Survey of Historic Gardens and Designed Landscapes
We have a rich heritage of gardens and designed landscapes. Demesnes, a word now particular to Ireland, date back to the Anglo-Normans, when they formed the portion of a manor retained by the lord for his own occupation and use. But the great flourishing of garden design came in the eighteenth and nineteenth centuries - with "geometric" layouts being replaced by more natural layouts in the later period. This was also the period when many of our town squares and public gardens were developed. The designs and subsequent changes reflect the aesthetic, cultural and social aspirations of their owners and users.
The objective of this survey is to begin a process of understanding the extent of Ireland's historic gardens and designed landscape. Sites were identified using the 1st edition Ordnance Survey maps. These were compared with current aerial photography to assess the level of survival and change. This assessment is not an indication of a site's heritage importance. Fieldwork is now in progress to compile more accurate data and site assessments. The results will be added to the website as this work progresses.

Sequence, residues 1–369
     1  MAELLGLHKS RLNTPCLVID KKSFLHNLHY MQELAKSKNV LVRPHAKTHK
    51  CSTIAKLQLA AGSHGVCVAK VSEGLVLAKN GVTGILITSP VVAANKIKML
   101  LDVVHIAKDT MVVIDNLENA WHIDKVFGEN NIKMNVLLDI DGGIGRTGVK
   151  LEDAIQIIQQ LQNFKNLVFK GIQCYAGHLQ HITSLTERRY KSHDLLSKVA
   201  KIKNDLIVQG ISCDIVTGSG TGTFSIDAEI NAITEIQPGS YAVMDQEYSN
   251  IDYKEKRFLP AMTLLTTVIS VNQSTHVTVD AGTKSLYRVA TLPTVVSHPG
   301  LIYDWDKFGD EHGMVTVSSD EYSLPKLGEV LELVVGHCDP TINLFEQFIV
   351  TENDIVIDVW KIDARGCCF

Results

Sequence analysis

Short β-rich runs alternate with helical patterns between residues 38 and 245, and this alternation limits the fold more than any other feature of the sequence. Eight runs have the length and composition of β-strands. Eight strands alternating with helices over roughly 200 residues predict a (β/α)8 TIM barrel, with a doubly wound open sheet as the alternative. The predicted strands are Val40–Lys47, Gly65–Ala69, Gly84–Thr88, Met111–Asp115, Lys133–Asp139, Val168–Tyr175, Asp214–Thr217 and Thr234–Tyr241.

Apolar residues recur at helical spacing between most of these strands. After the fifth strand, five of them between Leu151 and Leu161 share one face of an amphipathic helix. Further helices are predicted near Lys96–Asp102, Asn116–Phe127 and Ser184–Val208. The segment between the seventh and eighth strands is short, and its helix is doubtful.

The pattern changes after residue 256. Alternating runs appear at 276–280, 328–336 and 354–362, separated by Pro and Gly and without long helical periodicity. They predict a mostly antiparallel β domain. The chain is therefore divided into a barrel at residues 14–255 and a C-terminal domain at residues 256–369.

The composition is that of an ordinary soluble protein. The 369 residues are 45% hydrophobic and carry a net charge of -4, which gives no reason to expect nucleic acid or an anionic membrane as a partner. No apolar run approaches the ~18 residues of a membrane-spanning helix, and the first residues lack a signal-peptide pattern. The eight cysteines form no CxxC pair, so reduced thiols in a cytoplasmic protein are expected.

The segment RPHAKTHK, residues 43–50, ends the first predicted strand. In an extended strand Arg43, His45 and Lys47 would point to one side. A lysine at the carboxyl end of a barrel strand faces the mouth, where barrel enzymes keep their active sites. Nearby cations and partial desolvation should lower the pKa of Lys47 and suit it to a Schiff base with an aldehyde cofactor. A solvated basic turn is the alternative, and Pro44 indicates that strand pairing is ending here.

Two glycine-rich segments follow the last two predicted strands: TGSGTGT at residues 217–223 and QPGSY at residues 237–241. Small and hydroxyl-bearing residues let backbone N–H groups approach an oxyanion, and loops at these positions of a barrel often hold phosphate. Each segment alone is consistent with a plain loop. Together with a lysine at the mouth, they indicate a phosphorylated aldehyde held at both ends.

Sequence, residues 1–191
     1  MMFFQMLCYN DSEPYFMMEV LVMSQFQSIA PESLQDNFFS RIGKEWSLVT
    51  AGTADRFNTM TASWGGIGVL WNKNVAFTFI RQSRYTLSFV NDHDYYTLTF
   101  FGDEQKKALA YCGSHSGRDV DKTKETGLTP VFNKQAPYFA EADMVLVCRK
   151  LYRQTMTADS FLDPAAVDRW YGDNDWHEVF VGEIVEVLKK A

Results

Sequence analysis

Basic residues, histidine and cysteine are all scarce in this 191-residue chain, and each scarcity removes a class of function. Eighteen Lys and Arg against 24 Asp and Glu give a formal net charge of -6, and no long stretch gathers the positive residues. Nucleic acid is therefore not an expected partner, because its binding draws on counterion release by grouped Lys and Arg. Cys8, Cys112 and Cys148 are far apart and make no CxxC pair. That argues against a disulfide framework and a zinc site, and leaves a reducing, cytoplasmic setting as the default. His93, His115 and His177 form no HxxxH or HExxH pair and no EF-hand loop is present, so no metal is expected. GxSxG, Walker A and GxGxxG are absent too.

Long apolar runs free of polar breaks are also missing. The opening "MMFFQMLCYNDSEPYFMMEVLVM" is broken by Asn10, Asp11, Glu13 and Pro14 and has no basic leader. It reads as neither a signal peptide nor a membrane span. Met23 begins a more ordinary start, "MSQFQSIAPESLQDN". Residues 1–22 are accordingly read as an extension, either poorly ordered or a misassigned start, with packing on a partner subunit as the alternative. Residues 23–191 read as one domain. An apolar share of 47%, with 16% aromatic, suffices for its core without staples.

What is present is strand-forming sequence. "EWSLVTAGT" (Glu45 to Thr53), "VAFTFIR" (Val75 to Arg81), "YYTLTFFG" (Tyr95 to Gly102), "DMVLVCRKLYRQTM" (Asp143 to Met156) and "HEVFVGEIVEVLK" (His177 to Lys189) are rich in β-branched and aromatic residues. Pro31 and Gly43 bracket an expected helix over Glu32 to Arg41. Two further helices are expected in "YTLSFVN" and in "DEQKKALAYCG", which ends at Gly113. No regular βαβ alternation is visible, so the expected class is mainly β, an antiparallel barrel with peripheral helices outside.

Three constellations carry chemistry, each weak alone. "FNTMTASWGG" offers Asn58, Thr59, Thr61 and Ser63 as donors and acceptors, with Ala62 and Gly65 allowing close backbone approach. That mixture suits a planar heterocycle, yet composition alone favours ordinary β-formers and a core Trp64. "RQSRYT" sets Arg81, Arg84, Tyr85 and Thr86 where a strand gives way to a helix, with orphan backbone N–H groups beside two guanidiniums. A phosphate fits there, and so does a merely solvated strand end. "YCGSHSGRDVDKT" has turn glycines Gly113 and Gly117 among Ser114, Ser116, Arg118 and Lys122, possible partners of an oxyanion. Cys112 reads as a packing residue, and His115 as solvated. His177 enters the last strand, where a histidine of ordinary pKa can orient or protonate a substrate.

Various factors have contributed to many of the significant changes that have occurred. Changes in aesthetic values and the development and expansion of our cities and towns have played a part. But the most significant are a direct result of 150 years of history, particularly changes in land ownership arising from the Encumbered Estates Act 1849 to the Land Acts of the late nineteenth and early twentieth centuries.
We hope that all those interested in Ireland's garden and social history will use and enjoy this site.
We welcome comments, corrections or further information at firstname.lastname@example.org.
JUNE 2009: NATIONAL INVENTORY OF ARCHITECTURAL HERITAGE WINS EUROPA NOSTRA AWARD FOR THE SURVEY OF HISTORIC GARDENS AND DESIGNED LANDSCAPES
The NIAH was awarded a prize in the Research category of the European Union Prize for Cultural Heritage/Europa Nostra Awards. The Prize was launched jointly by the European Commission and Europa Nostra in 2002 as part of the implementation of the European Union Culture Programme. The aims are twofold: to promote high standards and quality skills of conservation practice and to stimulate the trans-frontier exchanges in the heritage field. By furthering the "power of example", the Prize also aims to encourage further exemplary initiatives in favour of heritage throughout Europe.
The jury's report commented: "The methodological approach toward Irish landscape and gardens has generated much interest among the Jury. This research permitted the setting up of an identification and classification system for gardens that could be used as a prototype for a general inventory of European parks and gardens."